Jalen Brunson, the former Dallas Mavericks guard who has piloted the New York Knicks to the fifth seed in the Eastern Conference, recently sat down with Chris Haynes of Bleacher Report. Brunson provided Mavericks’ fans with an insider’s look into his tenure in Dallas.
Brunson Wanted to Stay In Dallas
The more we have learned from the fallout of Brunson’s departure, the more we can criticize the front office for letting him walk.
Dallas could have retained Brunson on a four-year, $55 million contract extension before last season’s trade deadline. Brunson indicated that the front office had deals on the table previously but took a different approach when the trade deadline came around.
“There were two times that I thought we had offers on the table before the season,” Brunson said. “Around December or January, they looked the other way.”
Context, however, is important. The Mavericks were actively shopping Kristaps Porziņģis to improve the team, and signing Brunson to the extension he wanted would have limited the Mavericks’ ability to trade him should they have wanted a more immediate upgrade. While nothing more than rumors circulated about Brunson during the deadline, his expiring deal and talent would have made him a valuable asset to either a contending team or a rebuilding team. Ultimately, however, Brunson was never dealt.
His play in the playoffs priced Dallas out of his services, where he increased his scoring average from 16.3 points during the regular season to 21.6 points during the playoffs. Brunson’s father joining the Knicks’ coaching staff was the nail in the coffin of his Mavericks’ tenure.
“I don’t blame [the Mavericks] for making any business decisions,” Brunson said. “Obviously, I wish things would’ve happened differently.”
Jason Kidd is a Player’s Coach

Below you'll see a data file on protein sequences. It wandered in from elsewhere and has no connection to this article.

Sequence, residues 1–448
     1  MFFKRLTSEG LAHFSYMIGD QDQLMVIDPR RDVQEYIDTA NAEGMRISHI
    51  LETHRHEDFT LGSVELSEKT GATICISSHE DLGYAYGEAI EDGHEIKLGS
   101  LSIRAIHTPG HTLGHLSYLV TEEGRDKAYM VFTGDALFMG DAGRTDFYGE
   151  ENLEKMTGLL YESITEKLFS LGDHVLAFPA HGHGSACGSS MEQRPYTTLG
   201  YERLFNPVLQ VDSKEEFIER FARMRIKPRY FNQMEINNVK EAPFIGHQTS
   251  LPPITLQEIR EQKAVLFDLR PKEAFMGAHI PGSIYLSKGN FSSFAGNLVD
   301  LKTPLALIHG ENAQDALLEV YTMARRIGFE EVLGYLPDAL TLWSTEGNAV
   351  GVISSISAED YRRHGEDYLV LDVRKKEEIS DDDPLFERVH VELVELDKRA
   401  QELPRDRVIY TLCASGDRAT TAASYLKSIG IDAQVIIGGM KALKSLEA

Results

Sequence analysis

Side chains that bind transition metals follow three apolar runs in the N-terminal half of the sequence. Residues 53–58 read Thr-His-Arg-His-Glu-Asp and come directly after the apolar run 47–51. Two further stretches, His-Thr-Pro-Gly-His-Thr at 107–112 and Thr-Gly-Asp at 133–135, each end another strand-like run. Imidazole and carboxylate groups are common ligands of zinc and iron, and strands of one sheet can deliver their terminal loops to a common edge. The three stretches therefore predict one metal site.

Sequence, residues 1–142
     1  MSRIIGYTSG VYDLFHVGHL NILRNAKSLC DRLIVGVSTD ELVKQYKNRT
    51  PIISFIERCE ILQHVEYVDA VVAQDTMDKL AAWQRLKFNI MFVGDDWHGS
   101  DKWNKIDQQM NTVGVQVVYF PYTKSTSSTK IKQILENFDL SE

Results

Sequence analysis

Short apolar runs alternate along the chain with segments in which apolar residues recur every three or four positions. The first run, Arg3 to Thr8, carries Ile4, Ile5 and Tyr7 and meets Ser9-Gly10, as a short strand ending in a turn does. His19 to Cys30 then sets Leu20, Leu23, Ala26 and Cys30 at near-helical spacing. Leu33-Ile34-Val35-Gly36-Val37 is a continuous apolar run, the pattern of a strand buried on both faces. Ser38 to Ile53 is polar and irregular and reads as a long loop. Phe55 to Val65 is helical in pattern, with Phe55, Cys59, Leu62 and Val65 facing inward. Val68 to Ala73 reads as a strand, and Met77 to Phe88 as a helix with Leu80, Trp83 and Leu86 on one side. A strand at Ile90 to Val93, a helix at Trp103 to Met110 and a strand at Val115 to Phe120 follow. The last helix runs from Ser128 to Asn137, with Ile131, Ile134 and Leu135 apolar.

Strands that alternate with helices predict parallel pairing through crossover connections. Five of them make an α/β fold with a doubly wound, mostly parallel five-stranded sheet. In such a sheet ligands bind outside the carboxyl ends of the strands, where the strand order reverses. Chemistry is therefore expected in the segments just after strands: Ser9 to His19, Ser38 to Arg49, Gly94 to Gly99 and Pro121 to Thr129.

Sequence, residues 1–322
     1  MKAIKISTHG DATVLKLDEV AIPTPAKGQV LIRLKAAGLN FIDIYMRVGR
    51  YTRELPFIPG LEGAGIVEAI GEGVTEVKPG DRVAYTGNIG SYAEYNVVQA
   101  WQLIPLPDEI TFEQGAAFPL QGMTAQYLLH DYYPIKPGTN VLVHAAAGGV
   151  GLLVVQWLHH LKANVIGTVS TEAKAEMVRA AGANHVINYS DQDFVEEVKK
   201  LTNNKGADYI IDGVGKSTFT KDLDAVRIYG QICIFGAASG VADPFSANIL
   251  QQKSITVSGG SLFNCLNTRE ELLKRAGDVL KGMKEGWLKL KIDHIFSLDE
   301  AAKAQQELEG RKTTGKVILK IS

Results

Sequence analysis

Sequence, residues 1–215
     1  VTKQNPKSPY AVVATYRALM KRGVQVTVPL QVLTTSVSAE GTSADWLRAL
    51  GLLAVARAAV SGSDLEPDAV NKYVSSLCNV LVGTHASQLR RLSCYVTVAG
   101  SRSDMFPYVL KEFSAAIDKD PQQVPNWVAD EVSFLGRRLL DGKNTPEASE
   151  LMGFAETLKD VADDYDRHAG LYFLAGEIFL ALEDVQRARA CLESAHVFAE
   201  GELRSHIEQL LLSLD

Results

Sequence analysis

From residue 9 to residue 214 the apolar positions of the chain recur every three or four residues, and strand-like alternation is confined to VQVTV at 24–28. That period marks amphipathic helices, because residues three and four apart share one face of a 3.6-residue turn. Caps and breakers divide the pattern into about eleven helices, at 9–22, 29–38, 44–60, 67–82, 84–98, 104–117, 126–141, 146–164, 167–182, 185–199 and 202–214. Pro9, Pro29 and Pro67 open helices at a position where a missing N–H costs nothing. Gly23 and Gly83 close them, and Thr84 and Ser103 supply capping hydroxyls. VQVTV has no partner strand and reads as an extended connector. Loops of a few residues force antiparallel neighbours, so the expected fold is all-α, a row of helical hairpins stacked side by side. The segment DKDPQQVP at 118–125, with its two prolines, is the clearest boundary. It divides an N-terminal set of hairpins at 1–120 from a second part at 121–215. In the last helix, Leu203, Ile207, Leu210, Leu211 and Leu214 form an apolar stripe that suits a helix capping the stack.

With the Mavericks sitting at 36-38 and currently out of the playoff race, Kidd has deservedly received a lot of criticism from fans and the media.
Yet, time and time again, Kidd receives praise from players he previously coached. Add Brunson to the list.
“Jason Kidd unlocked something in me that I didn’t think would happen that fast,” Brunson said of his former head coach. “When the playoffs hit, he pushed me to a new level.”
Brunson’s development was evident as he became a steadying presence in the Mavericks’ offense. While Luka Dončić was and is the freewheeling creator who could shock fans and players alike with dazzling displays of ballhandling and passing, Brunson acted as a counterbalance through his old-school game and his in-depth understanding of Kidd’s gameplan. He was an extension of the coaching staff on the court, organizing plays with his vocality and setting the tone with his physicality.
Brunson’s comments echo the sentiment of many of Kidd’s former players. Bucks’ superstar Giannis Antetokounmpo was “devastated” when Milwaukee fired him in 2018, and Lakers legend LeBron James believes that Kidd “is the only person alive who sees the game of basketball with his level of clarity.”
Brunson also hasn’t been the only developmental project Kidd has overseen in his Mavericks’ tenure. Dončić has gone from a superstar to an MVP candidate under Kidd’s watch. Josh Green went from a bench pariah to a critical role player. Second-round pick Jaden Hardy has also quickly improved under Kidd’s watch.
“Both coaching staffs I had [in Dallas] were amazing,” Brunson said.
As the Mavericks barrel toward the end of a disappointing season, one thing remains obvious: vibes matter.
Last year, Dallas was a team chock-full of good vibes. Dončić had hit a new gear and brought Brunson along for the ride. Spencer Dinwiddie injected clutch-shot making and a double dose of fun into the team. Dorian Finney-Smith blossomed into his full form.
Now, only Dončić remains.
When Dallas let Brunson walk in free agency, the team thought they were losing a good player. Not only did the team actually lose a great player, but they lost a team leader as well.
Most importantly, they lost the “immaculate vibes,” as Brunson would say, and it seems those vibes have been found in New York.
“I can’t say enough [about] the chemistry and energy that he brings to the locker room,” Julius Randle, Knicks’ All-Star, said of Brunson. “He’s one of the best teammates I’ve ever had.”
This Mavericks’ locker room is desperately lacking this level of leadership and vibes. Dončić is still growing as a leader and Kidd has made it known that he is not the team’s “savior.” Kyrie Irving was acquired to compensate for Brunson’s talent and leadership, and while he has made a big impact as a locker-room leader, it may be too little too late to save the season.
Losing a player of Brunson’s caliber for nothing in return, if anything, will act as a lesson as this front office builds a new roster around Dončić and Irving. With some young, homegrown talent on the roster in Green and Hardy, we will soon see if the front office has learned its lessons from this saga.
“I truly loved that place,” Brunson said. “I wanted [to be] with the Mavericks for the long haul.”